A few years ago, when I wanted to learn just how toxic the inside of my home had become, I called on Albert Donnay, a Johns Hopkins–trained toxicologist. Donnay is a master at revealing the invisible and the dangerous. To do this, he walks around your house with his nose in the air.
The first thing Donnay asks his clients to do is gather all of their cleaning products, laundry detergents, bug sprays, air fresheners, dryer sheets — in effect, anything they can smell — and dump it all in a big garbage bag. Then he has them tie the bag shut for a month. Once the month is up, he tells them to open the bag and … inhale.
Donnay calls the garbage bag “the most effective thing I have to convince you to improve air quality in your home.”
Try this experiment in your own home sometime. Prepare to be shocked, for what you'll find is astonishing. All the scented candles, all the air fresheners, all the paints and cleaning products and detergents and dryer sheets — they really add up. What you'll smell is not natural, to say the least. And evidence is growing that much of it is actually pretty bad for us.
The numbers are daunting: American industries make everyday products from some 80,000 chemicals. Of these, fewer than 1 percent have ever been tested for their effects on human health.
This presents a daunting hurdle for consumers. No matter how careful you are, the scope of the problem can just seem unmanageable. So given the river of toxins we are all swimming in, here are five easy things to avoid, and why the effort is worth the trouble.
1. Lawn chemicals
Collectively, Americans spend some $40 billion a year to care for our 80 million lawns. On average, we spray a pound of chemical pesticides on every one of those acres. These numbers take on a whole new meaning when you consider the toxicity of various pesticides. Take, for example, an extremely popular compound called 2,4-D.
The National Cancer Institute has reported that dogs are twice as likely to contract lymphoma if their owners used 2,4-D on their lawns. Like flame retardants and countless other compounds, 2,4-D tends to accumulate inside our homes, even days after the lawn outside has been sprayed. One study found 2,4-D present in the indoor dust of 63 percent of homes sampled. Exposure levels for children were 10 times higher than before the lawns were treated — an indication of just how easily the chemical is tracked inside on the little feet of dogs, cats, and children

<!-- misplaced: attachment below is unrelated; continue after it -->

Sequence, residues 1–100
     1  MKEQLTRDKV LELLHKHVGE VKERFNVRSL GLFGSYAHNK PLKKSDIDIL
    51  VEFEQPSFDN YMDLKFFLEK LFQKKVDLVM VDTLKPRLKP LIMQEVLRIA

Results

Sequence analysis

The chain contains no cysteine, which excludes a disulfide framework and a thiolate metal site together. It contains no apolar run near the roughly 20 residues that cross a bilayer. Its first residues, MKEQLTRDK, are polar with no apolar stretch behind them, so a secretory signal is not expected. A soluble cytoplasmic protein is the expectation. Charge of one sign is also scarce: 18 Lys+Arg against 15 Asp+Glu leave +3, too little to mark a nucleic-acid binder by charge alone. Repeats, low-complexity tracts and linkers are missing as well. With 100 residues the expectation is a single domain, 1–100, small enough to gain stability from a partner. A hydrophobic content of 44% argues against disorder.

2. Dryer sheets
Dryer sheets contain harmful neurotoxins like alpha-terpineol and benzyl alcohol; carcinogens like chloroform; and chemicals that the EPA considers to be hazardous waste, like ethyl acetate and camphor. It’s not just breathing these chemicals that causes distress — they also build up in the dust in your home.
3. Air fresheners
These products don’t “freshen” air — they just replace one smell with another. The trouble is, they often release hormone-disrupting phthalates into the air in the process. The Natural Resources Defense Council recently found phthalates in 12 out of 14 air fresheners, including those advertised as “all natural” or “unscented.” More confounding, not a single one had phthalates on its ingredient list. Bottom line: If you want your home to smell like an apple pie, bake an apple pie!
4. Teflon pans
Teflon — the nonstick coating people have been using in their kitchens for years — is made from compounds known as PFOAs, which have been linked to cancer and birth defects. PFOAs (along with compounds known as PFCs) are also used in the lining of microwave popcorn bags, grease-resistant pizza boxes, and even personal care products.
In 2005, DuPont chemical corporation agreed to pay the EPA $16.5 million for covering up the health effects of the chemicals used to make Teflon at its West Virginia plant. Four years earlier, the company paid $107 million to settle a class action lawsuit brought by residents claiming the harmful Teflon chemicals were found in the blood samples of both pregnant women and their fetuses.
5. Plastic water bottles
Drinking water from plastic bottles is just plain wasteful. What you want from the bottles is the water, not the plastic. But when you drink one, you get both. The water in most bottles is less regulated than good old tap water, and plastic bottles are made with hormone-disrupting phthalates.
Not to mention, 17 million barrels of oil are used to manufacture plastic water bottles every year, and this number doesn't include the oil needed to ship them all over the country. Plus, only about 23% of the 50 billion water bottles we buy every year get recycled. You do the math.